I had the privilege of shooting the Pacific Northwest Regionals Yo-Yo Championship this weekend at The Armory in the Seattle Center. I didn't really know what to expect, but I had guessed that it would either be 1) a few guys doing some mediocre yo-yo tricks, or 2) an awesome display of talent from a subculture that I was only barely aware of. It was definitively the latter. Hundreds of people showed up at The Armory (dozens of yo-yo enthusiasts, along with their parents). These people have spent thousands of hours honing their skills and it shows. After watching them do a myriad of yo-yo tricks over the course of two days, I started to realize the appeal: there's something magical about the ability to make a small, circular device at your fingertips appear to defy gravity.
For the entire shoot, I used only my Canon 5D Mark III and my 50mm f/1.4 lens along with my trusty 70-200mm f/2.8. There are unique challenges to shooting a yo-yo competition that I did not anticipate. You are shooting in a low-light environment, in a situation where both the subject and an object in the subject's hands are moving rapidly. Thus, I had to shoot with the aperture wide open (f/2.8 or lower) but still be focused on the subject to get some decent bokeh out of it AND have a high shutter speed to freeze the action, lest both subject and his yo-yo become blurred beyond recognition. For most of these shots, I used an ISO of 2000 combined with f/2.8 and a shutter speed of 1/400th to 1/500th of a second. As expected, the Mark III's high-ISO performance was exceptional.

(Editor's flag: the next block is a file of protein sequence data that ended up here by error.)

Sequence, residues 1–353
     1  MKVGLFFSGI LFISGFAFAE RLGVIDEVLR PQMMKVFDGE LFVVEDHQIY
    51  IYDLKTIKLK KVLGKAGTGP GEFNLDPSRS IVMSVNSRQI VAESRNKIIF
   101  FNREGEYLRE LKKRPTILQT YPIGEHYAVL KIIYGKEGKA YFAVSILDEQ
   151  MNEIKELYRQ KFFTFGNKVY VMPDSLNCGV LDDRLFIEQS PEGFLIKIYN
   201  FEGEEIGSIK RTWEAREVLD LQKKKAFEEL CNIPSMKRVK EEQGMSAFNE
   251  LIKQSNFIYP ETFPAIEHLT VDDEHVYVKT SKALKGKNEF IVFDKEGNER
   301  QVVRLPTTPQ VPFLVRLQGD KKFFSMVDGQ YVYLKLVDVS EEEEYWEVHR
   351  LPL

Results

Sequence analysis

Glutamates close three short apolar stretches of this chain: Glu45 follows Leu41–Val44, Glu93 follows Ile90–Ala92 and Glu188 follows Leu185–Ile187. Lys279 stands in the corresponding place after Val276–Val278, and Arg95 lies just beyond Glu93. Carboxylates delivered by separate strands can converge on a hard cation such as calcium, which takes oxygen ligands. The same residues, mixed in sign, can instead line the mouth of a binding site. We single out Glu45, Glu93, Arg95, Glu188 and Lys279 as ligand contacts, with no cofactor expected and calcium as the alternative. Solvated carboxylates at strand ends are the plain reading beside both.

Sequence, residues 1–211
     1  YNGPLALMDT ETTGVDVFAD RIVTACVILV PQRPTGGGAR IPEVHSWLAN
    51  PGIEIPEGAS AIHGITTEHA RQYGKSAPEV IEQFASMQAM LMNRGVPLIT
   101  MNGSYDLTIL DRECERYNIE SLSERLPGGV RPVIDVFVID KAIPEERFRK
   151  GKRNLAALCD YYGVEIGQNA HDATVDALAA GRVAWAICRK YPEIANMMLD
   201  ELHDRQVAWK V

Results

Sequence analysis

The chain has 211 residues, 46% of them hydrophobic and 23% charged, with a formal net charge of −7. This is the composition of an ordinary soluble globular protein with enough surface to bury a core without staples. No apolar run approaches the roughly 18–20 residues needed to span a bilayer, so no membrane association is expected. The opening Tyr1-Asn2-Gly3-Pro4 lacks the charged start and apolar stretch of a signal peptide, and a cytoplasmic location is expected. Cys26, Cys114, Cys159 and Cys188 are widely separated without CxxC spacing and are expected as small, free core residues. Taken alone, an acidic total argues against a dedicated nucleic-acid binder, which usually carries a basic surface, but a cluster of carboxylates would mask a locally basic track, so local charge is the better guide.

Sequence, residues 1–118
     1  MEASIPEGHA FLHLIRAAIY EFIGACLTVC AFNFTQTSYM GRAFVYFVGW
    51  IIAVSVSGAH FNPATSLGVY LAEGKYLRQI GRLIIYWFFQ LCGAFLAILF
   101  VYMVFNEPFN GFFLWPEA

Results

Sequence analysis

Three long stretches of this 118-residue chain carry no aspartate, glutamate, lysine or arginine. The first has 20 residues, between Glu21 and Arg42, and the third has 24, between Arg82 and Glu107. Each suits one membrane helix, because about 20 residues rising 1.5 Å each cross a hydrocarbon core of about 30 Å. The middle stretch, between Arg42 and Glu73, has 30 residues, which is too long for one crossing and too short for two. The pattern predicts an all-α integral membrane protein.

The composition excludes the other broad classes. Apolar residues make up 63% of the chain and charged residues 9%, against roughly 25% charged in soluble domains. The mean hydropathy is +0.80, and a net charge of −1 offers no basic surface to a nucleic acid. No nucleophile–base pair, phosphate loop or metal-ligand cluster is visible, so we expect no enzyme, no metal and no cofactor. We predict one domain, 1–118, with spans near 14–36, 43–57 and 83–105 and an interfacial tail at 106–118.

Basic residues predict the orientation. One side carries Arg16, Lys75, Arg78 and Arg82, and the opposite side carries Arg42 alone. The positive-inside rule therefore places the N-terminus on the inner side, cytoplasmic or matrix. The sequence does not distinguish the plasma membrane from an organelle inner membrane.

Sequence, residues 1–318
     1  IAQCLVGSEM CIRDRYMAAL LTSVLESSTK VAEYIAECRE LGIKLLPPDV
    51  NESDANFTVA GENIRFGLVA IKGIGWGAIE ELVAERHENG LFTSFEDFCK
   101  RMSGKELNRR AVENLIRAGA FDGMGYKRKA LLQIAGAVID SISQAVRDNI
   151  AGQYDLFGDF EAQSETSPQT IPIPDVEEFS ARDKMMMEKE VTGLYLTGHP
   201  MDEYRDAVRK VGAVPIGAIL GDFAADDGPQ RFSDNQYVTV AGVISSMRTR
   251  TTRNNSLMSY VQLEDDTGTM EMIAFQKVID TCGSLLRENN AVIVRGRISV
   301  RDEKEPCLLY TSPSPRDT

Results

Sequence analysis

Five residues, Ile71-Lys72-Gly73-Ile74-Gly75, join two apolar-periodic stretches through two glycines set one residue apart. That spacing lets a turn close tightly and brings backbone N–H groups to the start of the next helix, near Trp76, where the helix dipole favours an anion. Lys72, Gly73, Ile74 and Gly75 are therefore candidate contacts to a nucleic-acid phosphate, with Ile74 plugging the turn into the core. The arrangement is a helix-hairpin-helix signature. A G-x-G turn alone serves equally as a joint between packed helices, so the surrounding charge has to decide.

I took a few hundred shots and only a few dozen were at a sharpness that I'd consider to be usable. There were two failures here: one is the fact that I haven't mastered all the intricacies of the Mark III's incredibly complex autofocus system, and the other is the fact that the 50mm f/1.4's focusing motor just doesn't feel like it's well-designed for action. After some experimentation, I realized that all I really needed to make some compelling shots (compelling for me, at least) was to try and capture these performers' expressions as sharply as possible. If the yo-yo was in focus, that was an added bonus.
Video on the other hand was much easier. I shot at 60 fps and ran the shutter speed fairly constant at 1/125, thus giving me the freedom to close down the aperture significantly. Even so, maintaining focus was challenging on some occasions. Note that I was going hand-held for nearly all of these shots, carrying a very heavy lens with no rig, and trying to focus simultaneously.
Here's a video I put together of the event:
And here's video of Zach Gormley, who I believe was this year's champion. After you watch the mind-blowing things he does in this video, you won't be surprised: